Fairfax County Sheriff’s deputies, wearing protective suits, can be seen forcing Natasha McKenna to the ground outside her cell at the Fairfax County Adult Detention Center in the video released by Sheriff Stacey Kincaid.
Photo courtesy of Fairfax County Sheriff's Office
Natasha McKenna’s mother is seeking more than $15 million in a wrongful death and gross negligence suit filed against Fairfax County Sheriff Stacey Kincaid and five deputies.
McKenna, an Alexandria resident who was diagnosed with mental illness as a young girl, was scheduled to be transported to City of Alexandria Police in early February 2015, where she faced charges.
She had previously been arrested in Fairfax County on or around Jan. 26, 2015, and was taken to Fairfax County Adult Detention Center.
The deputies who were attempting to move McKenna were members of a Special Emergency Response Team (SERT), tasked with transporting McKenna from her solitary cell in Fairfax to Alexandria.
McKenna became agitated while the deputies were attempting to move her, and they used a number of restraints on her and delivered four shocks with a taser.
After four applications of the taser, McKenna lost consciousness. She was taken to Inova Fairfax Hospital, where she was pronounced dead Feb. 8, 2015.
The Office of the Medical Examiner determined McKenna’s death to be caused by “excited delirium” and not criminal.
Commonwealth’s Attorney Raymond F. Morrogh made a similar determination after completing his own review of the incident, affirming that there were no grounds to pursue criminal charges against any of the deputies who were involved.
An administrative investigation took place within the Sheriff’s Office to determine whether policies had been upheld or violated and if any disciplinary action should occur.
As of May 24, 2016, that investigation had not been completed, according to Sheriff’s Office spokesperson 1st Lt. Maegan Timothy. Nine days later, Timothy confirmed the investigation had been completed. The Sheriff’s office wouldn’t comment on results of the administrative investigation: whether any of the deputies had been disciplined in any way, whether any policies had been changed in response.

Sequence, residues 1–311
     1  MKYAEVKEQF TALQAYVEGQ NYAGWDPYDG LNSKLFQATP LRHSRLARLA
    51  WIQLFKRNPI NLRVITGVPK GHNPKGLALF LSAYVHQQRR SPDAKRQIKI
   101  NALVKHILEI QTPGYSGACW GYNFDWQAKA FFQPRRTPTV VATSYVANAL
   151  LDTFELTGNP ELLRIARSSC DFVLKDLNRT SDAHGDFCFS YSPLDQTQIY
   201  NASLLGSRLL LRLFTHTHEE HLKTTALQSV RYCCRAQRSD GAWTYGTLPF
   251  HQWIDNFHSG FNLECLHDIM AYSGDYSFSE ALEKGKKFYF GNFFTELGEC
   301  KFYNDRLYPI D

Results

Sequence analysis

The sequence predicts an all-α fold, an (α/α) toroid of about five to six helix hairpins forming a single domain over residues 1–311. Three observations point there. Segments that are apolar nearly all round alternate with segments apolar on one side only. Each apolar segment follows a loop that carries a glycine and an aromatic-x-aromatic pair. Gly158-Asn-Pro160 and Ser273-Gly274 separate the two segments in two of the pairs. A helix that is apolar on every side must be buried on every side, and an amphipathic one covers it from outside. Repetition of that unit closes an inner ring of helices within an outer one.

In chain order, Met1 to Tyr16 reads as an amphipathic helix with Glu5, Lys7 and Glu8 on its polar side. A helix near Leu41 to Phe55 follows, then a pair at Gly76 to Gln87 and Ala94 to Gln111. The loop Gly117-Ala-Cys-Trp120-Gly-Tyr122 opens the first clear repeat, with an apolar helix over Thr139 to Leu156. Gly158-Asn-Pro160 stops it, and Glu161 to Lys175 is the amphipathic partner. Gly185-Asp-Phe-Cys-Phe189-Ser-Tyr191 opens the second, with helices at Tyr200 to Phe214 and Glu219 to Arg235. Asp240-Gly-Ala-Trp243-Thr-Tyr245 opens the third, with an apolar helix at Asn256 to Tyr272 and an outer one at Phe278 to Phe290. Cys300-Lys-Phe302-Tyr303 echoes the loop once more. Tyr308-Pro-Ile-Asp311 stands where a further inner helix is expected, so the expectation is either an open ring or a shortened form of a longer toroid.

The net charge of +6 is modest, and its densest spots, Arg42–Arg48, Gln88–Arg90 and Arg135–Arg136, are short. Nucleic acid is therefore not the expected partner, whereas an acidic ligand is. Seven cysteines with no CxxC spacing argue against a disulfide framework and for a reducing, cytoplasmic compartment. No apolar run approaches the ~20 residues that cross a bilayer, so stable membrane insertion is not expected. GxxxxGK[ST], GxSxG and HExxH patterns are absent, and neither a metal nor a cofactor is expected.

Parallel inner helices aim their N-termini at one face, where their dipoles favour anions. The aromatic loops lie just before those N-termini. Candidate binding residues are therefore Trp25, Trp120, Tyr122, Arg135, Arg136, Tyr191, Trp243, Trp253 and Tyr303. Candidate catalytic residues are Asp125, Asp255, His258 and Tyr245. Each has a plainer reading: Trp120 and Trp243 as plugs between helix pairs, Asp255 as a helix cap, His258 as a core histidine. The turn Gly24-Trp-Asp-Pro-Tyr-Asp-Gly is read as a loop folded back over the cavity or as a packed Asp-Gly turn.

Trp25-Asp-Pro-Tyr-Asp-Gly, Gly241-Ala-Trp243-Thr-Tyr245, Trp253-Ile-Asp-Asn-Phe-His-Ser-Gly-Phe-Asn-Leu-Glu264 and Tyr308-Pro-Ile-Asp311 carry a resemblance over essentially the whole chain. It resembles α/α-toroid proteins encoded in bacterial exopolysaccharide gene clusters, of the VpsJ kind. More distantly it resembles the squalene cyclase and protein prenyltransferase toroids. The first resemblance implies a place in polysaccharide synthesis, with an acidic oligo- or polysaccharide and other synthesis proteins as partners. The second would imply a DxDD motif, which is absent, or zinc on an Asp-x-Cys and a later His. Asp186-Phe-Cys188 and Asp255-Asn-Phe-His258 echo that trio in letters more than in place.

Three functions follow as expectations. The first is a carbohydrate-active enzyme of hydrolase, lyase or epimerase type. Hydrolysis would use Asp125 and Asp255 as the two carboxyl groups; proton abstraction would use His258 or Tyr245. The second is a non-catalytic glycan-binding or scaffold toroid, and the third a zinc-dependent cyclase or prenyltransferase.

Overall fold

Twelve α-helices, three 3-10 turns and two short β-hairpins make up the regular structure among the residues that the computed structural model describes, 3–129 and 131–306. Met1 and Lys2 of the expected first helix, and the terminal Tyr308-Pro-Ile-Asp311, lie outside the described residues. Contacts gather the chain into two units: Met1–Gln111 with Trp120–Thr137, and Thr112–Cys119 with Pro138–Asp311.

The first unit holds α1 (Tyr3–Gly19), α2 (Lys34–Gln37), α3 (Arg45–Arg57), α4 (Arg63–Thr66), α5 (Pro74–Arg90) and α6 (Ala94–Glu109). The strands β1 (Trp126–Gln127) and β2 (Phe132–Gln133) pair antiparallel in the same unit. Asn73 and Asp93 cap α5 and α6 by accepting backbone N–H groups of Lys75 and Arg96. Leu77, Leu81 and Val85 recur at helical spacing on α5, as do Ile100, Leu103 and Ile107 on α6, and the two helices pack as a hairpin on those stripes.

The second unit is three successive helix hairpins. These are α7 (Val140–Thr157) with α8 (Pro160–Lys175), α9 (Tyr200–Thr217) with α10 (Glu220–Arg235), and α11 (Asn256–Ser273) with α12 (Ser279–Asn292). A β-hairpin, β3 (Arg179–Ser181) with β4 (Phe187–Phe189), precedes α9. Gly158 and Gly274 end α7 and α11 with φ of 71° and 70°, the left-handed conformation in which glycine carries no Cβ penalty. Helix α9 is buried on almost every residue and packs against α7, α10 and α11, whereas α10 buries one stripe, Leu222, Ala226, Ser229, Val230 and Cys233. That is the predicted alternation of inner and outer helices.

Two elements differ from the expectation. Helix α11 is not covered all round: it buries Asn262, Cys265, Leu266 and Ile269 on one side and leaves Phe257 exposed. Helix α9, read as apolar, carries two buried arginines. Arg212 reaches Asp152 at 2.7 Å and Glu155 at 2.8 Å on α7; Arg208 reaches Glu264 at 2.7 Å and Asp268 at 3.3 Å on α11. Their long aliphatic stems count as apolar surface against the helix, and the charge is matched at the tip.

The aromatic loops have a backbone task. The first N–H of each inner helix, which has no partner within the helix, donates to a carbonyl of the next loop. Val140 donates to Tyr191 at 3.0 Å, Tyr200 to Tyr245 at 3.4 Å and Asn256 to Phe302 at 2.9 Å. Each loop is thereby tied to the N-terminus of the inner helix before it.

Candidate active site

Following the incident, Kincaid did suspend the use of tasers in the jail.
“We are in the process of looking at all of our policies to update and include best practices from law enforcement agencies and correctional facilities across the country,” Sheriff’s Office spokesperson Andrea Ceisler said in an email. “We are also working to incorporate recommendations of the Ad Hoc Police Practices Review Commission and the Police Executive Research Forum (PERF).”
As of June 10, the spokespeople said the Sheriff’s Office had not yet been served with the lawsuit.
The June 3 lawsuit was filed on behalf of McKenna’s mother Christine Wilson. The five counts include gross negligence, wrongful death and battery.
In the complaint, the family’s lawyer Harvey J. Volzer says the deputy’s use of the taser on McKenna was, “wholly unwarranted and contrary to, and in breach of, the recognized standards for sheriff’s orders in the performance of their duties under same or similar circumstances, and demonstrated an utter disregard of prudence that amounted to a complete neglect for Ms. McKenna’s safety and rights.”
Volzer did not respond to several requests for interviews prior to going to print.
The $15 million in damages are being sought include compensation for McKenna’s daughter who was seven years old at the time of her mother’s death, according to court documents.